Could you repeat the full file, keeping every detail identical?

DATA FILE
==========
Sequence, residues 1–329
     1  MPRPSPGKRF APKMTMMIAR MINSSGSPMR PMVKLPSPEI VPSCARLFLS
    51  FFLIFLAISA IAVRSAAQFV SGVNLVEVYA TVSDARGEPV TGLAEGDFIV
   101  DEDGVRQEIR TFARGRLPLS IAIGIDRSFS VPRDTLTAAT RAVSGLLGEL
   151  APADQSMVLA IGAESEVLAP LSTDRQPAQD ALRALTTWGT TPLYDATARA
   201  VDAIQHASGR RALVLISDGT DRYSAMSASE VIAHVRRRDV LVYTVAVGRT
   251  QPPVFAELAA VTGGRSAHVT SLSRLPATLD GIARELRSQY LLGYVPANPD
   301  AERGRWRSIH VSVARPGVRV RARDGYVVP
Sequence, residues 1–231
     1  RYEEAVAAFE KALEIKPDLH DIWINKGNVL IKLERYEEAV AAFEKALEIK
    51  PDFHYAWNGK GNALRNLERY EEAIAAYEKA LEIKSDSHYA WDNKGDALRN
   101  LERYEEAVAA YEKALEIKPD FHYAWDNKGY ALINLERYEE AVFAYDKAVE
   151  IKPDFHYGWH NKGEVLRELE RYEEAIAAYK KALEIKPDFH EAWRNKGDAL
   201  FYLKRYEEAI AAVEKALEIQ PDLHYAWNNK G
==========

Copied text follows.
Sequence, residues 1–329
     1  MPRPSPGKRF APKMTMMIAR MINSSGSPMR PMVKLPSPEI VPSCARLFLS
    51  FFLIFLAISA IAVRSAAQFV SGVNLVEVYA TVSDARGEPV TGLAEGDFIV
   101  DEDGVRQEIR TFARGRLPLS IAIGIDRSFS VPRDTLTAAT RAVSGLLGEL
   151  APADQSMVLA IGAESEVLAP LSTDRQPAQD ALRALTTWGT TPLYDATARA
   201  VDAIQHASGR RALVLISDGT DRYSAMSASE VIAHVRRRDV LVYTVAVGRT
   251  QPPVFAELAA VTGGRSAHVT SLSRLPATLD GIARELRSQY LLGYVPANPD
   301  AERGRWRSIH VSVARPGVRV RARDGYVVP
Sequence, residues 1–231
     1  RYEEAVAAFE KALEIKPDLH DIWINKGNVL IKLERYEEAV AAFEKALEIK
    51  PDFHYAWNGK GNALRNLERY EEAIAAYEKA LEIKSDSHYA WDNKGDALRN
   101  LERYEEAVAA YEKALEIKPD FHYAWDNKGY ALINLERYEE AVFAYDKAVE
   151  IKPDFHYGWH NKGEVLRELE RYEEAIAAYK KALEIKPDFH EAWRNKGDAL
   201  FYLKRYEEAI AAVEKALEIQ PDLHYAWNNK G